“I recommend all my clients to add spicy foods to their menu in order to take full advantage of this opportunity to burn additional calories outside of daily physical activity,” says certified personal trainer Ryan Ernsbarger, fitness editor of Zenmaster Wellness.
A study in PloS One demonstrated that capsaicin, the active compound in chili peppers that gives spicy foods their heat, promotes fat oxidation and provides a short-term boost in metabolism.
Another piece of the metabolism puzzle is nicknamed N.E.A.T. for non-exercise activity thermogenesis, which encompasses all the physical activity you do in a day that isn’t planned exercise.
This can include pretty much anything, from washing dishes, mowing the lawn, tapping your foot to an upbeat tune, fidgeting in your seat in economics class, and even sex.
To boost your daily N.E.A.T., simply “move more,” says David Smithey, a Level 1 Certified Nutrition Coach and owner of Resolve Nutrition.
“My favorite metabolism booster is recommending 10-minute walks after each meal, which also improves insulin sensitivity,” he says.
As long as you don’t load it up with cream, tons of sugar, and squirts of those sweet flavorings that are popular at coffee shops, your coffee cup can deliver a daily boost to your metabolism, too.
If you want an even greater metabolic response, she says, drink caffeinated green tea. Studies show that a green tea-caffeine mixture improves weight maintenance through thermogenesis and fat oxidation. And powerful antioxidant compounds in green tea called catechins may stimulate the body to burn more fat, studies suggest.
“Your body is 80% water; if you don’t drink enough, your cortisol levels (a stress hormone) will be raised, which will keep you from being able to reduce tummy fat,” says doctor of chiropractic Susan Wong, DC, co-founder of Twin Waves Wellness Center. Wong recommends women consume 2 to 3 liters per day, and 3 to 4 liters daily for men.
Exercise is good for boosting your metabolism, and vigorous exercise is even better because you use more oxygen while huffing and puffing, and your metabolism stays at that higher-rate state long after you hit the showers.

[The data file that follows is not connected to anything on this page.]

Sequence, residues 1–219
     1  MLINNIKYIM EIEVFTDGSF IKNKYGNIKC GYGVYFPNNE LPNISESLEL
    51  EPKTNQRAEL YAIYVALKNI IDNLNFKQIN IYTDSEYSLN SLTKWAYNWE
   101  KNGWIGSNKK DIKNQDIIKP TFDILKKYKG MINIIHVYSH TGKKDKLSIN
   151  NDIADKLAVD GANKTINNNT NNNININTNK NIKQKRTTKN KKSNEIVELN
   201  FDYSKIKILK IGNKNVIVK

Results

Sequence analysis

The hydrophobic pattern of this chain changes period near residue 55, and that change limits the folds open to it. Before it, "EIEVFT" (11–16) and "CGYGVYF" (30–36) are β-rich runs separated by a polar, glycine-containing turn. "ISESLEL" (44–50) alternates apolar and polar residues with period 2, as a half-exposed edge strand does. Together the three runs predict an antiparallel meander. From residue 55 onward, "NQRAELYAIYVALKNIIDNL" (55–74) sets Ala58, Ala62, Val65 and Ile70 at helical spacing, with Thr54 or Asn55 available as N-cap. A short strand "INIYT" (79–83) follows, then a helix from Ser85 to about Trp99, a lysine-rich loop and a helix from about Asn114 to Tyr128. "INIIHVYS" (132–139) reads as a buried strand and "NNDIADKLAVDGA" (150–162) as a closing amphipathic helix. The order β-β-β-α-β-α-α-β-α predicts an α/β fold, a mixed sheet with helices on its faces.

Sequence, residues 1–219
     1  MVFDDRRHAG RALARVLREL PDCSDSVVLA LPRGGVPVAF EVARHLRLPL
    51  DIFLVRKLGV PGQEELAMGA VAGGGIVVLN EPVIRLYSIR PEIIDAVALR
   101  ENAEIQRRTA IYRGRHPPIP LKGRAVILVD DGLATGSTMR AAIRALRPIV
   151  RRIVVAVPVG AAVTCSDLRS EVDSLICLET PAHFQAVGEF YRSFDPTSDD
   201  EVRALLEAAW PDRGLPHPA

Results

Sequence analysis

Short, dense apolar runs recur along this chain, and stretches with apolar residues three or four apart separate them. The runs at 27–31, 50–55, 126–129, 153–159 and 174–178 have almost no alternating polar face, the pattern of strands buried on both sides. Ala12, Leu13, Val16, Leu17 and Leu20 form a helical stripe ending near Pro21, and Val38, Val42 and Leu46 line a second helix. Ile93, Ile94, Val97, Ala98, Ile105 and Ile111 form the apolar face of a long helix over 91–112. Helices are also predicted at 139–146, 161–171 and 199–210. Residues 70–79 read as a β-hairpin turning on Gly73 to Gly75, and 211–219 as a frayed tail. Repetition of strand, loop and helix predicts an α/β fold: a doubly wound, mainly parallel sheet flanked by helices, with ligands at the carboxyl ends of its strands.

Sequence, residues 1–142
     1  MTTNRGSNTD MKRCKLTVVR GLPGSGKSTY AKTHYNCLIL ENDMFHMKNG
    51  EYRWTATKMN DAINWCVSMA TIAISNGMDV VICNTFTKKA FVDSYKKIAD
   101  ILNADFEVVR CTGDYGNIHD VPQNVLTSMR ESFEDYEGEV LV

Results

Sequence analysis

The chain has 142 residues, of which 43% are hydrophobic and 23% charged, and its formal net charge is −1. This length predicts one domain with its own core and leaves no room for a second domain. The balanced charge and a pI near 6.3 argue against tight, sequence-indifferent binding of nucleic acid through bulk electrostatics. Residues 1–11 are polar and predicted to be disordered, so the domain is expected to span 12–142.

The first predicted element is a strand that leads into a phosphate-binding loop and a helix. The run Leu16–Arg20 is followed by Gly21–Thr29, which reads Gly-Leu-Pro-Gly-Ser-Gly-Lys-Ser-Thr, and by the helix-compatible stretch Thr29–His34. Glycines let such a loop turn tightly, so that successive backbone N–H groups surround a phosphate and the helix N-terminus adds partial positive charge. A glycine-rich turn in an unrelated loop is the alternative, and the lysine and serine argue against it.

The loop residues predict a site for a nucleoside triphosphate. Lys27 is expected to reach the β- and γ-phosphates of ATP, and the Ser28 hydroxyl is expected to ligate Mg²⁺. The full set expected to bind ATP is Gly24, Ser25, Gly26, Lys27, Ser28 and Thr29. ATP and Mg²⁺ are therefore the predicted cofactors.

The technical term for this phenomenon is EPOC, which stands for excess post-exercise oxygen consumption. High Intensity Interval Training (HIIT), which is characterized by short bouts of very rigorous effort interspersed with intervals of resting/recovery activity, has been shown to boost EPOC.
A 2021 study in the International Journal of Exercise Science found that both vigorous strength training and HIIT sessions significantly increased energy expenditure for 14 hours after the exercise sessions were complete.
“Getting enough sleep each night is essential to maintaining your metabolism and keeping belly fat away,” says Janet Coleman, RD, a registered dietitian with The Consumer Mag.
One study in the research journal Obesity showed that sleeping only 4 hours per night for 5 nights significantly reduced morning resting metabolic rate in healthy adults.
“Aim for at least seven hours a night and try to get your last meal of the day at least three hours before bedtime so your body has time to fully digest it,” Coleman recommends.
For more strategies that may help you lose your belly, check out these Abdominal Fat-Shrinking Secrets that Actually Work.